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How discerning can be deceiving
What’s one of your favorite videos to revisit? You know—one of those videos that you found years ago and somehow still find yourself returning to over and over again, often when you need it most? This two minute, beautifully typeset excerpt from an NPR interview with Ira Glass is one of those favorites for me. He’s talking about storytelling, but points out that his message applies to anyone doing creative work.
I love how he succinctly describes the struggle and frustration of making things that we know just aren’t good enough—the gap—and goes on to make the connection to a seemingly innocuous idea: taste. “Your taste is good enough that you can tell that what you’re making, is kind of a disappointment to you.” By the time most of us decide to put in the effort to make something in a creative field—be it music, art, writing, or even code—it’s practically inevitable that we’ve already become attuned to sniff out the good from the bad, the insightful from the insipid, and the spontaneous from the sloppy. We’re constantly exposed to other people’s creative output, it’s only natural that we develop our taste, our sense for what we like and dislike, in the process. But, does that mean we’re doomed to a lifetime of constant disappointment?
I like food a lot, but I dislike being called a foodie almost as strongly. I’ll often catch myself describing a recent memorable meal to a friend, like how the roasted potatoes with one of the entrées at Zuni Cafe were some of the potatoiest [sic] potatoes I’d ever tasted, and my captive companion will remark, “Oh! So you must be a really big foodie then?” I hesitate, laugh sheepishly, mumble something about trying to appreciate food, and usually clumsily settle on a reluctant “so… yeah, I guess you could say I’m a foodie.”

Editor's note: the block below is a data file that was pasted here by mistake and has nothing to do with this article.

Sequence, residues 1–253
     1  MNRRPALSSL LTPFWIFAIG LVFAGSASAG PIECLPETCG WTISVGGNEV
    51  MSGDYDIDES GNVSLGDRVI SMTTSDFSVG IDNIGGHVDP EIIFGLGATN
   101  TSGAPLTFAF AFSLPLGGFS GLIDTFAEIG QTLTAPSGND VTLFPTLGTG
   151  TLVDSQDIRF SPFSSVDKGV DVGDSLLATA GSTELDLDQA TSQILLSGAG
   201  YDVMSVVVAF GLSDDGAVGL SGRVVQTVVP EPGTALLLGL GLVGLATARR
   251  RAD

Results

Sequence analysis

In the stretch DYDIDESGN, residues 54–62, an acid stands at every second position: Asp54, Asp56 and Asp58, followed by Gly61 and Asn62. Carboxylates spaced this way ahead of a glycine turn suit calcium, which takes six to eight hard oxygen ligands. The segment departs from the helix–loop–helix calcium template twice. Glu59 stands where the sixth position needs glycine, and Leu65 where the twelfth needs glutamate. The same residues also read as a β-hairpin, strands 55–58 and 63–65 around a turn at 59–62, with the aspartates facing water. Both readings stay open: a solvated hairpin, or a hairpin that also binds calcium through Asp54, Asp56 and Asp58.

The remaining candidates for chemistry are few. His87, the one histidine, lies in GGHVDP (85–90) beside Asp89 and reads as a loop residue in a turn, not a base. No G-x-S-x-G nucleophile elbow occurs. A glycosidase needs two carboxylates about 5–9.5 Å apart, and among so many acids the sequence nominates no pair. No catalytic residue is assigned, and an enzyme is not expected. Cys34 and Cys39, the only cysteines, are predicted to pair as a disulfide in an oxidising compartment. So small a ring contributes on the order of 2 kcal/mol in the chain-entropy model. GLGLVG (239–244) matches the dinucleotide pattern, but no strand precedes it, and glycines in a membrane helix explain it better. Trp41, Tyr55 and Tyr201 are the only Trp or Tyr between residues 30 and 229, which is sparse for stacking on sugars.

Foodies love food. I love food. And if that’s all the association evoked, then I would happily embrace it. But when I think of a “foodie”, I also think of hypercritical Yelp reviews, the stressful fixation on only finding the best X, Y, Z, and generally being “that person” among a group of friends who always has an extremely difficult time enjoying the food at most places. (Me: “No! Wait! There’s another place 0.7 miles from here that’s rated a half star higher!” Group: collective groan). Sometimes I wonder if some foodies actually enjoy eating anymore, especially without the badge of a #1 spot on a blog’s list, 3 Michelin stars, or 5 / 5 on Yelp.
I dislike being called a foodie because I think we associate the word with more than just enjoying and tasting food. We associate being a foodie with judging food: deciding the good from the bad, writing a review, giving a score, and generally somehow always miraculously finding a way to be dissatisfied with any meal, from Popeye’s to pop-up. Sufficiently refined taste can always find a flaw. There’s a fine line between appreciating something and judging whether or not that something is “good enough”, and in fact they often feed into each other. Learning something new about tasting food, like how to pay attention to textural contrast, can easily become yet another way to be disappointed. When Ira Glass talks about taste and the gap it creates, he’s focusing on how taste easily turns into judgement, which turns into disappointment and frustration.